Seven Days That Divide the World: The Beginning According to Genesis and Science

Kobo ebook | August 23, 2011

byJohn C. Lennox

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What did the writer of Genesis mean by “the first day”? Is it a literal week or a series of time periods? If I believe that the earth is 4.5 billion years old, am I denying the authority of Scripture? In response to the continuing controversy over the interpretation of the creation narrative in Genesis, John Lennox proposes a succinct method of reading and interpreting the first chapters of Genesis without discounting either science or Scripture. With examples from history, a brief but thorough exploration of the major interpretations, and a look into the particular significance of the creation of human beings, Lennox suggests that Christians can heed modern scientific knowledge while staying faithful to the biblical narrative. He moves beyond a simple response to the controversy, insisting that Genesis teaches us far more about the God of Jesus Christ and about God’s intention for creation than it does about the age of the earth. With this book, Lennox offers a careful yet accessible introduction to a scientifically-savvy, theologically-astute, and Scripturally faithful interpretation of Genesis.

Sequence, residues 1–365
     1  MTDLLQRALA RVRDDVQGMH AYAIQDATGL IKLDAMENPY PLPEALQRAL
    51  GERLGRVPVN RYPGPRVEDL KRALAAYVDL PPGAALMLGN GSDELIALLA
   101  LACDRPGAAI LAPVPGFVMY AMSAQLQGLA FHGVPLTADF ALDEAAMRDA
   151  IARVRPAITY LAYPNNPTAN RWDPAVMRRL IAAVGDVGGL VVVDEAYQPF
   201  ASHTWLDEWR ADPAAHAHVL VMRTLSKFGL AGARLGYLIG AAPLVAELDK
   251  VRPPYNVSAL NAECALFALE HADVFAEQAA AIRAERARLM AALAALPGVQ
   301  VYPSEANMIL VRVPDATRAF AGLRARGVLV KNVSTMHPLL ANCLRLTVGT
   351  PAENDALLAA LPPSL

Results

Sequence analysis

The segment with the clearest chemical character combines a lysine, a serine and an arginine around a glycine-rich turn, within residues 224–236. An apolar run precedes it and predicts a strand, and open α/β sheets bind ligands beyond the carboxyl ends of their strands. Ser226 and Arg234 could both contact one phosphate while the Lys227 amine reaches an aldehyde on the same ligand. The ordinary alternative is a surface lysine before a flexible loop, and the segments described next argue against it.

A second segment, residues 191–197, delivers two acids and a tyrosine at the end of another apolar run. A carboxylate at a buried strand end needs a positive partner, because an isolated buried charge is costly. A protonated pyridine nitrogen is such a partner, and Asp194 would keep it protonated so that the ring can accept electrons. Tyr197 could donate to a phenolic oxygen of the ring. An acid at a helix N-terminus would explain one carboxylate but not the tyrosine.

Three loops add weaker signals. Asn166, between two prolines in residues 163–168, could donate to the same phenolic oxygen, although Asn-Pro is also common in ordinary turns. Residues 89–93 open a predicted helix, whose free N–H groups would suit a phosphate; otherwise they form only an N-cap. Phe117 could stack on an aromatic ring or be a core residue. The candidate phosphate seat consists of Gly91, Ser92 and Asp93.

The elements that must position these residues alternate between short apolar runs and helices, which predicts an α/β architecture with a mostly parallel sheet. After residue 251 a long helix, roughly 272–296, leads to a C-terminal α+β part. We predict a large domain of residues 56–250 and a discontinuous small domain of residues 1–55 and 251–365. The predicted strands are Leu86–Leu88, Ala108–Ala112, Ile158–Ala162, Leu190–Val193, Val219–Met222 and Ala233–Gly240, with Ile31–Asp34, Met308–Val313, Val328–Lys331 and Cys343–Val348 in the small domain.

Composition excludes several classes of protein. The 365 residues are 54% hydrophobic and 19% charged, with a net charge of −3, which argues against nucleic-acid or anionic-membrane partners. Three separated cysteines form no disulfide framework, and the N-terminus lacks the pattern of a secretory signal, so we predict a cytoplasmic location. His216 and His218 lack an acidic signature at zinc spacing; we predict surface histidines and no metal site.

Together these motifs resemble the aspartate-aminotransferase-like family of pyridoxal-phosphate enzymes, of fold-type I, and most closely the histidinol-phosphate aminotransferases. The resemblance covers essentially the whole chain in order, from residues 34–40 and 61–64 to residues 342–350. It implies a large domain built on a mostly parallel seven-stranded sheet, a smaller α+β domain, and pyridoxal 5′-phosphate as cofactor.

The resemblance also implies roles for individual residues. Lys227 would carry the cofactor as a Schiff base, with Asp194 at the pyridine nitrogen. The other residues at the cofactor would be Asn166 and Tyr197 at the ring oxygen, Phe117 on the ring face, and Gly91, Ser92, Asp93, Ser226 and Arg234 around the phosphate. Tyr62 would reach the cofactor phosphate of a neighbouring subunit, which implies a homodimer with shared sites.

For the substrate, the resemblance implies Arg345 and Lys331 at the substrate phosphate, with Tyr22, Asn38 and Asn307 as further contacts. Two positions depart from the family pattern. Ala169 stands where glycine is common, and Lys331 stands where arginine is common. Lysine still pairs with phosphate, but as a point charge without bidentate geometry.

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What did the writer of Genesis mean by “the first day”? Is it a literal week or a series of time periods? If I believe that the earth is 4.5 billion years old, am I denying the authority of Scripture? In response to the continuing controversy over the interpretation of the creation narrative in Genesis, John Lennox proposes a succinct ...

Format:Kobo ebookPublished:August 23, 2011Publisher:ZondervanLanguage:English

The following ISBNs are associated with this title:

ISBN - 10:031049219X

ISBN - 13:9780310492191

Customer Reviews of Seven Days That Divide the World: The Beginning According to Genesis and Science